Isabell Long: Firstly, please tell us a little about yourself.
Michelle Hall: I’m Michelle Hall. I’m a stay-at-home mom to two children, ages 6 and 4, and I’m happily married to Michael, who is mhall119 for those who lurk in the Ubuntu IRC channels. I’m an avid reader, and I absolutely love to cook and bake. It’s a passion.
IL: What inspired you to get involved in the Ubuntu community?
MH: It’s rather quite amusing, as I was dragged, kicking and screaming, into the community. I really had no interest, I didn’t use Ubuntu, I didn’t think I’d be welcome on a number of fronts. I’m not a technically-inclined person at all; I didn’t think I’d have anything in common with the ‘geeks’ Mike talked of. But, he was active in our Florida loco, and he came to me one day to ask for my help, as the Loco was coordinating a release party for Jaunty, I believe it was, and the party was in danger of being canceled because there was no one available to coordinate and host it, so he asked if I’d be willing. Put on the spot, and wanting to support my husband, I agreed. Much to my surprise, the Loco flung its arms open for me, and really made me feel welcome. My preconceived notions were far from actuality; the group is so warm and inviting. It’s been quite amazing. I’ve been active ever since, and have more recently become active with Ubuntu Women.
IL: What are your roles/what are you active in within the Ubuntu community?
MH: I’m mainly active within my loco, coordinating parties, hosting events, cooking for herds of geeks. I’m also working on expanding the loco and making it welcome to families and spouses who, like me, may have no interest in geek-speak. I’ve not been able to spend as much time on that as I’d like, and hope to pick it back up in the months to come. I also have a dream of a U-W women’s event, a global event where we can all video conference together. It may be nothing more than a pipe dream, but some day I hope to see it come to fruition. I’m also working with Amber Graner to coordinate UbuCon for the Atlanta Linux Fest this year.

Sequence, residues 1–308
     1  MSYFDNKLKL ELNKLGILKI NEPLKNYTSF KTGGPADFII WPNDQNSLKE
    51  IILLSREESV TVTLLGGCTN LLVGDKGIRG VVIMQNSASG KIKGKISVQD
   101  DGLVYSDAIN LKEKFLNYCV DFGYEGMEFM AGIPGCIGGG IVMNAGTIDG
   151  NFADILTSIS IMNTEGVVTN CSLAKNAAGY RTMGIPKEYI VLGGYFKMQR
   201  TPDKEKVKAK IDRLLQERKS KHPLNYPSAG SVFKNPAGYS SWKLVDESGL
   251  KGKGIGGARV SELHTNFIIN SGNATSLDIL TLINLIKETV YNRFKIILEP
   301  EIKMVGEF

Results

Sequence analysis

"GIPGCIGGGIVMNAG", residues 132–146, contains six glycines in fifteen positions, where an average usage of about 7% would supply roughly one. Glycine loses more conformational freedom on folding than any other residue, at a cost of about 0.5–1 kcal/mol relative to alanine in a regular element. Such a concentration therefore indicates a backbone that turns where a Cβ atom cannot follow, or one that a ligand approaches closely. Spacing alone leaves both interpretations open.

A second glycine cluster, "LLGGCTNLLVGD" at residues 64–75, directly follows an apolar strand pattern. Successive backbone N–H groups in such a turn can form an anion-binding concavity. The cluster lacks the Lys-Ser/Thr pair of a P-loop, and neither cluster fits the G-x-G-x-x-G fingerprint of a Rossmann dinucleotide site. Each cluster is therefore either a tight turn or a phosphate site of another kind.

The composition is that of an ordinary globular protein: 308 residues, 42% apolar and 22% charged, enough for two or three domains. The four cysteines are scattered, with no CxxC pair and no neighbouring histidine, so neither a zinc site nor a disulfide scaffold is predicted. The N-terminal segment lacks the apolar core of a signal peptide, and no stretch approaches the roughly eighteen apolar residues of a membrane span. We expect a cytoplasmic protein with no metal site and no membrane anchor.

IL: Why do you participate and what do you like about it?
MH: Originally, I became active to support my husband, and while I know that seems silly, I really wanted to be able to share in his experiences, to better appreciate what he does. However, since then, I’ve really grown fond of the community, and found myself quite comfortable. I participate because I enjoy interacting with people, and I’ve met some amazing personalities.
IL: I notice you have a project called “Qimo 4 Kids”, could you explain what it is about please?
MH: Qimo (pronounced KIM-oh) is our little distribution for children aged 3-12. We designed it, in part, for a charity we run out of our hometown, where we recycle computers and give them to at-risk, special needs children. The characters are inspired by our children. Our mascot is an Eskimo, inspired by our son Quinn. We regularly sang him a song written by Bob Dylan, called “The Mighty Quinn,” in which the main character is Quinn the Eskimo, who changes sorrow to joy. Our Polar Bear friend is named Illa, an Inuit word for “friend,” inspired by our daughter, Ainsley’s, lovey-bear. The OS gives children a safe, child-intuitive environment in which they can play, and it’s designed to be stand-alone with no internet access, so parents don’t have to worry about whether or not their children are safe. Everything is strictly educational, so children can practice learning skills, while having fun.
IL: What other things are you interested in outside of OSS and Ubuntu?
MH: I’m an advocate for special needs children within our community, and I’ve been working with parents of children who have been newly diagnosed to understand their diagnoses, and explore support options. I feel strongly about how children with special needs should be educated and cared for, and it’s my goal to provide support to as many parents as I can, so they can feel hopeful about their futures, and those of their children. And I love to experiment in the kitchen. I’m always ready to chat food!
Originally posted by Isabell Long in Full Circle Magazine Issue #36 on April 29, 2010